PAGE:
The futuristic Australian Pixel building uses Jets™
(Tuesday, December 14, 2010)
Pixel is an out-of-the-ordinary office building located in Melbourne, Australia. It is safe to say the building looks futuristic, but in fact it is futuristic as well - designed for minimal environmental impact and sustainable use of resources. With that in mind, a Jets™ sanitary system became the obvious choice.
Prototype full of leading solutions
The Pixel building was planned by Australian company Grocon. The company needed a building to show and test environmentally friendly and sustainable solutions, as a prototype for other buildings. Grocon put together a group to find the best solutions the market had to offer for such a building, and discovered Jets™.
Small, but important delivery
Pixel only has 9 toilets and a vacuum pump, a comparatively small Jets™ customer. But the importance of supplying a system to this building is far greater than the numbers indicate. With water use measuring just 1 liter per toilet flush, combined with the pump's low energy consumption, the Jets™ system was nearly ideal for the Pixel building's needs. In just a few months, Pixel has become a world-leading showcase for sustainable technology and solutions, and has received attention from around the world.
U.S. Secretary of State visits Pixel
On November 7th this year, U.S. Secretary of State Hillary Rodham Clinton visited Pixel, and was impressed by what she saw. Clinton said that the U.S. State Department would want to send their experts to have a closer look, since the U.S. is committed to building environmentally sustainable embassies.
Most buildings make little use of their roof space, but Pixel's designers have thought outside the box.
As shown in the picture to the right, grass and other plants are starting to grow on the roof.
Rainwater is also collected here, before being treated and used throughout the building.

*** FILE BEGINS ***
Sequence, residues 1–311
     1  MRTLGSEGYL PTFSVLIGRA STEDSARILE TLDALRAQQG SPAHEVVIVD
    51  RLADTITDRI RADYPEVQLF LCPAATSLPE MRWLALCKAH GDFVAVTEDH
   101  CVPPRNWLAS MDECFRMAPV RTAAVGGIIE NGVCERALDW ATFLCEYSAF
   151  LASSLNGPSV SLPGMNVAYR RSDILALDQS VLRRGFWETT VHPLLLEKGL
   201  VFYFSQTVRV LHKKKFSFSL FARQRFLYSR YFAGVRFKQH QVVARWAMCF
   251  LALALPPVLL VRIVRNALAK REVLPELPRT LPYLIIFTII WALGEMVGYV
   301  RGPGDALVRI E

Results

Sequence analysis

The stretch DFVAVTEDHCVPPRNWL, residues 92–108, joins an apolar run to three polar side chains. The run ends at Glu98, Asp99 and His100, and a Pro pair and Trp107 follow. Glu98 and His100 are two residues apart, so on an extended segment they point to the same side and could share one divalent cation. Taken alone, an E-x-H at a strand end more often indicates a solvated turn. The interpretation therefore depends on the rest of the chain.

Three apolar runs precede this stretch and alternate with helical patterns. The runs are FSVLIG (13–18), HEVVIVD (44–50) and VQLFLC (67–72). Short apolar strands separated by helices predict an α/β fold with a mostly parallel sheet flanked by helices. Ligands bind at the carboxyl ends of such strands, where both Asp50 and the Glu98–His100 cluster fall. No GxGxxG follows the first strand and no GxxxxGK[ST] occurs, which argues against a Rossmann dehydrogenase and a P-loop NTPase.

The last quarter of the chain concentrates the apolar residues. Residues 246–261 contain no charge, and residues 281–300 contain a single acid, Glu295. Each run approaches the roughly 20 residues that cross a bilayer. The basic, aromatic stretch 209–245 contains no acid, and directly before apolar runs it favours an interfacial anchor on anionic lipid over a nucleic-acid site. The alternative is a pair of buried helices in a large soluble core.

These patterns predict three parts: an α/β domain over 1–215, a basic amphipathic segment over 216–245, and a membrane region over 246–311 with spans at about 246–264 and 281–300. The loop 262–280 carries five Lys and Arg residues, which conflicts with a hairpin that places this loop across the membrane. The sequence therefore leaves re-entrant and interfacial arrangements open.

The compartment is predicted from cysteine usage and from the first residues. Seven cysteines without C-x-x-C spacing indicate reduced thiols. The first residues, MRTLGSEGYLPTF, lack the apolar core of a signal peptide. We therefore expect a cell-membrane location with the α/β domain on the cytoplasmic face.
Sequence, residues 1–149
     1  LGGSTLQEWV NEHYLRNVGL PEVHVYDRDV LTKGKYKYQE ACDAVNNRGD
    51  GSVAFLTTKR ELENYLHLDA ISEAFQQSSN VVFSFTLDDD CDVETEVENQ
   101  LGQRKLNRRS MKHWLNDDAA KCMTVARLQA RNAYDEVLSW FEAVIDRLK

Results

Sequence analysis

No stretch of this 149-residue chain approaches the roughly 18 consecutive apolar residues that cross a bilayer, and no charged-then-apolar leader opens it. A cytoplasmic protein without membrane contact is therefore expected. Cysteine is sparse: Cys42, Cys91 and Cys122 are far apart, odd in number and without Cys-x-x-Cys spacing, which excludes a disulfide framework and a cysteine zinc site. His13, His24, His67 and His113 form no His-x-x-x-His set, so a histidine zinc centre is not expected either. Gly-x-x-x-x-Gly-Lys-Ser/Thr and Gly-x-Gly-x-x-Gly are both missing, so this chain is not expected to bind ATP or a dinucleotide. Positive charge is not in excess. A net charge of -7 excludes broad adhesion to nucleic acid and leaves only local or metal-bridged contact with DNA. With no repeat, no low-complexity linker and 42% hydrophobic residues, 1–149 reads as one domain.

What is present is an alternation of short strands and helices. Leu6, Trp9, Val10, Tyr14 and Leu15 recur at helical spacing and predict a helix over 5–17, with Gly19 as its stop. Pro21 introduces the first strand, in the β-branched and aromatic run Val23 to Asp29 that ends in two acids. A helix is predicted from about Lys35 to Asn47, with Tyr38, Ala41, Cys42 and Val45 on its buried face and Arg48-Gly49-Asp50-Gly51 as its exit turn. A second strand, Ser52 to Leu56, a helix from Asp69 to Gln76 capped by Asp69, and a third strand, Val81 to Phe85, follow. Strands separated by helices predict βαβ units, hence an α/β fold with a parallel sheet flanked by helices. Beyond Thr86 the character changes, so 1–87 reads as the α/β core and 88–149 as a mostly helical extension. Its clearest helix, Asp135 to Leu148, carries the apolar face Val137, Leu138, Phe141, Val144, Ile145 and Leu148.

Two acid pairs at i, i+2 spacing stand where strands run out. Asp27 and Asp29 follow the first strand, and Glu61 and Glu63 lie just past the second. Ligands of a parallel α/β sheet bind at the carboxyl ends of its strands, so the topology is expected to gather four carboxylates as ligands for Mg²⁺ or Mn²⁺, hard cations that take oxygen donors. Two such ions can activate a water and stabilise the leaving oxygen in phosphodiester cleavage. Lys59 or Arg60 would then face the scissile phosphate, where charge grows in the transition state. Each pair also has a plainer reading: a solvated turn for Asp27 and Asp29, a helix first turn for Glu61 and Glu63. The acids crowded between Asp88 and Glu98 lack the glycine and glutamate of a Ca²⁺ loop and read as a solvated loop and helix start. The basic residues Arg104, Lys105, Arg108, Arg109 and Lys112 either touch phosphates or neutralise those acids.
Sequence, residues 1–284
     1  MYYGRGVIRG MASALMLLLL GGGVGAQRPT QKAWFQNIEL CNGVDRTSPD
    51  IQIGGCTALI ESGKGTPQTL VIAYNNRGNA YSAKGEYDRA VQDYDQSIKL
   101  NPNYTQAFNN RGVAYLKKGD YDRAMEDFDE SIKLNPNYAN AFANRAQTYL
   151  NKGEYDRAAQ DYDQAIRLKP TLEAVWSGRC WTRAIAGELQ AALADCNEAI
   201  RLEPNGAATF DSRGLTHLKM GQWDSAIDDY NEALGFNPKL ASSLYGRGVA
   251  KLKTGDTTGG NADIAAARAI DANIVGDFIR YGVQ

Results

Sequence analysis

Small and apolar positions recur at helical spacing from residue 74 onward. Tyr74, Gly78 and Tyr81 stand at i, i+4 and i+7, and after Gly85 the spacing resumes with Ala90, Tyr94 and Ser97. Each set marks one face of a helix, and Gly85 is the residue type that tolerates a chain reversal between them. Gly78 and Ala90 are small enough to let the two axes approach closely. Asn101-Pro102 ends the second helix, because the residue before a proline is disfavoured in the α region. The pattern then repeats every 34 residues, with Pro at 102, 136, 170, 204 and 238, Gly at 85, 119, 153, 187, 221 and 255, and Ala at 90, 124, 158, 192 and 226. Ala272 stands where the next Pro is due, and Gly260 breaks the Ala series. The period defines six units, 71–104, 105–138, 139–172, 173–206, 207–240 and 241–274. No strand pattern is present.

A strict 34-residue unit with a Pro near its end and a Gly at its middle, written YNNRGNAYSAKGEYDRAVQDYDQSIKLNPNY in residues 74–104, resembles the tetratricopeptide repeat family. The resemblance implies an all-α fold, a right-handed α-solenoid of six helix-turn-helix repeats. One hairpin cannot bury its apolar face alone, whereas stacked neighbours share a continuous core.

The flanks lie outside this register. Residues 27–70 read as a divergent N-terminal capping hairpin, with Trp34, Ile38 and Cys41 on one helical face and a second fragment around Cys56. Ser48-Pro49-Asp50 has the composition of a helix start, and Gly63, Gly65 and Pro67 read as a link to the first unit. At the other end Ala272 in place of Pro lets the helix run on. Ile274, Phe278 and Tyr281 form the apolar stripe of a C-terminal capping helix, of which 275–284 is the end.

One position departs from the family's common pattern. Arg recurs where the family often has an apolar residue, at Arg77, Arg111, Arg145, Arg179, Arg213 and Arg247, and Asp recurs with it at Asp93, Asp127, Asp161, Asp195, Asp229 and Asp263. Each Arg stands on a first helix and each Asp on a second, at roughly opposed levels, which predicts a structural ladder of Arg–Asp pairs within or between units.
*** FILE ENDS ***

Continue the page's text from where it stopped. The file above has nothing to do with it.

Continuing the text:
Green roof and independent water supply
The Pixel building's roof is partly covered by a garden with grass and other plants, irrigated by rain water. This rooftop garden also insulates the floor below. But the rainwater is not just used for irrigation - it is also treated to potable water quality and used in showers and basins throughout the building. After use, the water is treated again in a series of filters - one of which uses plants that consume nutrients from the water.
Keeps the heat out, lets light in
The colorful panels that give the building its characteristic look, are made from 900m2 of used (and now re-used) aluminum panels. Each individual panel has been carefully positioned to keep heat from the sun out, while still letting light in. The result is that Pixel has plenty of daylight indoors, but doesn't use more energy than necessary to cool the building.
Pixel produces its own energy, using both wind turbines and solar/photovoltaic panels. Some of the solar panels move with the sun through the seasons to fully exploit the solar energy's potential. The building in fact produces more power than it uses, enabling it to supply renewable energy to the power grid.
Like many other modern buildings, Pixel is primarily built from concrete - but Pixel uses slabs of special concrete that is partly recycled, with integrated cooling pipes in the slabs. Taking advantage of the stable temperature of that concrete, water pumped through the slabs cools the building efficiently. At night when outside temperatures drop, motors open some of the windows to let cooler air in.
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